Introducing a 1966 television version of Rooms
, dance critic Clive Barnes said, "Today in America the artist has come to look at the world he lives in with unblinkered eyes. Theatrical dance ranges from entertainment to spectacle. But there is a specifically American form of dance that accepts modern themes of life, hope, death, and despair, as searchingly as does any other American art. Such works have an engagement with life as lived. Typical of them is Anna Sokolow's somber masterpiece, Rooms
. When it was created in 1954, it was perhaps the first time dance had used jazz with irony, so that its assertive upbeat became the background not for teen-age rebels, but for the tragic isolation of man in the jazz age.... Rooms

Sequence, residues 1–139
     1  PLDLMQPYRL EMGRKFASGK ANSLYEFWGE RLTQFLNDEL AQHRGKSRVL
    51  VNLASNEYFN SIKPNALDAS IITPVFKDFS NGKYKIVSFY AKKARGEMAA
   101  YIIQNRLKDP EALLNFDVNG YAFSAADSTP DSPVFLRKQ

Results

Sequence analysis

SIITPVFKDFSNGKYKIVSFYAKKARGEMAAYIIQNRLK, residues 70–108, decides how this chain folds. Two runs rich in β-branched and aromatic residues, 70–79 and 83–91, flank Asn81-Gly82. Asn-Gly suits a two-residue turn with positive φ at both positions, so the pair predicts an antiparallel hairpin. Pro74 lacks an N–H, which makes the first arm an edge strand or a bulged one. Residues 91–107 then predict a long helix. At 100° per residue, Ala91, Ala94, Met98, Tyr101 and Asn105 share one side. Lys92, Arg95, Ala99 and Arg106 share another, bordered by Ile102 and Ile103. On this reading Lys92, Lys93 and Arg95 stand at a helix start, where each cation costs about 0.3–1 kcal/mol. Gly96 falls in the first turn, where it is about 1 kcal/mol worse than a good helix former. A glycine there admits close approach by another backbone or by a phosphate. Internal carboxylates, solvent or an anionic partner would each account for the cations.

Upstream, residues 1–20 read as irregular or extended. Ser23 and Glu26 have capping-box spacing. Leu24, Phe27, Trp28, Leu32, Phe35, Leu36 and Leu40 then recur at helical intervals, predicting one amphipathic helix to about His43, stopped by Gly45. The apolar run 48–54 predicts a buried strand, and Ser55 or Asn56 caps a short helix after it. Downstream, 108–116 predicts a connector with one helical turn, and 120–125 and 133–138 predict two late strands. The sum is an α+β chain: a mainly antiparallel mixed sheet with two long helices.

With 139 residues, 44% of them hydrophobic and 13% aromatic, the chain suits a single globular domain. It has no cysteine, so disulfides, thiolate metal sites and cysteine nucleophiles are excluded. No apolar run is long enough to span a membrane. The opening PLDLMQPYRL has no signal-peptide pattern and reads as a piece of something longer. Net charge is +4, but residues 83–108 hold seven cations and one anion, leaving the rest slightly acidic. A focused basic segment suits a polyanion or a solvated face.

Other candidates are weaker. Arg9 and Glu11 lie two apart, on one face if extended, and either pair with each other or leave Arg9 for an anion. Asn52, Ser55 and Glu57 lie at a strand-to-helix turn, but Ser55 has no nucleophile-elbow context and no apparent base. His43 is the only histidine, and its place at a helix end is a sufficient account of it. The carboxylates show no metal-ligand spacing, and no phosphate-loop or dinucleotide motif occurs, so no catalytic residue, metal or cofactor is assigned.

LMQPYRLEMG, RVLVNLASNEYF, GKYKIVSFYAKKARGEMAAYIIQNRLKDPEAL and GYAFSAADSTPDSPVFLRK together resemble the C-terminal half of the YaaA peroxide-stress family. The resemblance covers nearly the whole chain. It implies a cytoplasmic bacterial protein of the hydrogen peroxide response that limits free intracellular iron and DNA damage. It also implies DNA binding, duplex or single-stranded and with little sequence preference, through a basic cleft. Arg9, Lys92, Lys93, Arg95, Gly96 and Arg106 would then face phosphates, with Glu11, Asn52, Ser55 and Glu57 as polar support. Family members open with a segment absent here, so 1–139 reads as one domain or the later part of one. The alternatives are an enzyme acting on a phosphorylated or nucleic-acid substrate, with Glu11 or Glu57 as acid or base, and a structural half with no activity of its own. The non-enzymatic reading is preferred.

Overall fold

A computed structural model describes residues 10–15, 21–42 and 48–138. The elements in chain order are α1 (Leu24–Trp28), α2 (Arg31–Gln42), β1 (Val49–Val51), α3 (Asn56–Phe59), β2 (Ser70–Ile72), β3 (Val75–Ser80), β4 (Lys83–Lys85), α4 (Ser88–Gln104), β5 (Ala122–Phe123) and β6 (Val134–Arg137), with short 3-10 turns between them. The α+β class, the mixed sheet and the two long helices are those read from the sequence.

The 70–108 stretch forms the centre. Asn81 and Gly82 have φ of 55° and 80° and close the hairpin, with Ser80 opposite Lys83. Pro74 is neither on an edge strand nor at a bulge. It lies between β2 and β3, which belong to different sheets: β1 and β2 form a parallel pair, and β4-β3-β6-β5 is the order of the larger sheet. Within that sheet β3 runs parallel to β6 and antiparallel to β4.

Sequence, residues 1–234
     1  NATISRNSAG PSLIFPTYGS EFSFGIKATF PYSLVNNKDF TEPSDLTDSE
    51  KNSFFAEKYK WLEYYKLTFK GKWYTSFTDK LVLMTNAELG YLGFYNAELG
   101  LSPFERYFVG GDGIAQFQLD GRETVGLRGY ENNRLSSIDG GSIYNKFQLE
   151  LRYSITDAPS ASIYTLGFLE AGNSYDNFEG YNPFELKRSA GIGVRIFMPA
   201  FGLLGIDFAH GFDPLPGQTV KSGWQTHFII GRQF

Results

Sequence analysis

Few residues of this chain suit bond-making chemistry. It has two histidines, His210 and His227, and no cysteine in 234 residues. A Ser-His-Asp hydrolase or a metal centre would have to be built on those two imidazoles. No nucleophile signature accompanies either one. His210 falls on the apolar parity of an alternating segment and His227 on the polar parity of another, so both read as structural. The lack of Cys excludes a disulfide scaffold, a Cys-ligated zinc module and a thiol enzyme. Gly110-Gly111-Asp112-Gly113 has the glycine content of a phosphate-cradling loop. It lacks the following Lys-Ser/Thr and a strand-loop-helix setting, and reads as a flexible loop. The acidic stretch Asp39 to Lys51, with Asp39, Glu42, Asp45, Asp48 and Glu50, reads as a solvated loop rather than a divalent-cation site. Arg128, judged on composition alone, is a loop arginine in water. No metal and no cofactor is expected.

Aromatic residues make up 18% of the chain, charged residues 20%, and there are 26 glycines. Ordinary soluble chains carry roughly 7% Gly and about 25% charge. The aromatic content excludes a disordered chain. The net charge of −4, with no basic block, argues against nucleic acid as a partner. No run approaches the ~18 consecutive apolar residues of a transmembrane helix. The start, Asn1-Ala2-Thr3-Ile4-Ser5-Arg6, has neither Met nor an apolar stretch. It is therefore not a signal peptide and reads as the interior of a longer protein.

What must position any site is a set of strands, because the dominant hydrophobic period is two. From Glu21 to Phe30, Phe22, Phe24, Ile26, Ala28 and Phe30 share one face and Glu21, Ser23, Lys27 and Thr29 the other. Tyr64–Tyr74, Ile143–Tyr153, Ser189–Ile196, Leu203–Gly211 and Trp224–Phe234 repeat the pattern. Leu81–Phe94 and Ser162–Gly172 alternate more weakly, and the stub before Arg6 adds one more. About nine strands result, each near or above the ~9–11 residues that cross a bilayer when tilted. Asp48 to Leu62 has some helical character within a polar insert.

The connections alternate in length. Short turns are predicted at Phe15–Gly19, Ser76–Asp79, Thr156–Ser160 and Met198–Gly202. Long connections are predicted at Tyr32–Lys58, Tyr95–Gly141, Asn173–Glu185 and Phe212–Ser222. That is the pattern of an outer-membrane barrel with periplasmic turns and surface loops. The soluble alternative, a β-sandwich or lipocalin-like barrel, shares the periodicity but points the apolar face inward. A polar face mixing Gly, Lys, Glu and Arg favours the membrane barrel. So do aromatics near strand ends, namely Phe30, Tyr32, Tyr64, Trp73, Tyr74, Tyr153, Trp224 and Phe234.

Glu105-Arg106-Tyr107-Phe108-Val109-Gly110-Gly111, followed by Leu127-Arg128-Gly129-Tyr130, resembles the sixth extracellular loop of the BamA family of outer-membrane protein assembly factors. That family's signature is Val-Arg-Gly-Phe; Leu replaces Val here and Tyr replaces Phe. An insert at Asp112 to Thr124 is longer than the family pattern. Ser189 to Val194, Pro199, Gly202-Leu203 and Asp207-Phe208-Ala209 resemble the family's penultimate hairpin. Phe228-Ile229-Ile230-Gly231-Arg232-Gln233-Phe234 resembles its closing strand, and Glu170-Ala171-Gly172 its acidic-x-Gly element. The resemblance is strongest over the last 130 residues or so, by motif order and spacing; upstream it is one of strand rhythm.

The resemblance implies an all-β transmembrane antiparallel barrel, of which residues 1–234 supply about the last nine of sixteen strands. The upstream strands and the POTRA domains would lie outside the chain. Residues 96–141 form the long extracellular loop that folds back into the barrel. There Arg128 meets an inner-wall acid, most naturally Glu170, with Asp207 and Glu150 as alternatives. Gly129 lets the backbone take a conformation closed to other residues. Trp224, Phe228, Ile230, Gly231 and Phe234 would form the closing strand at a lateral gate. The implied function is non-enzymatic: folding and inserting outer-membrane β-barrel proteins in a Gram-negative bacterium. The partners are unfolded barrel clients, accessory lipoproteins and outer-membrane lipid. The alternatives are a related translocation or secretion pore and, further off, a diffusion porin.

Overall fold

is a ballet about loneliness of the spirit, the hunger of the soul. The people here live cooped up yet isolated in the tiny box-like rooms, unadjusted, rejected, and inconsolable over the loss of their natural dignity and innocence. Yet each one of these frightened creatures is part of ourselves, and the scene of Rooms
is the world itself, now, today. Rooms
is a ballet for a generation without faith. Even the titles of the individual dances tell everything. Escape. Going. Desire. Panic."
Notes: From videotape of "The Anna Sokolow Birthday Gala," The Jerome Robbins Dance Division, The New York Public Library for the Performing Arts, Dorothy and Lewis B. Cullam Center.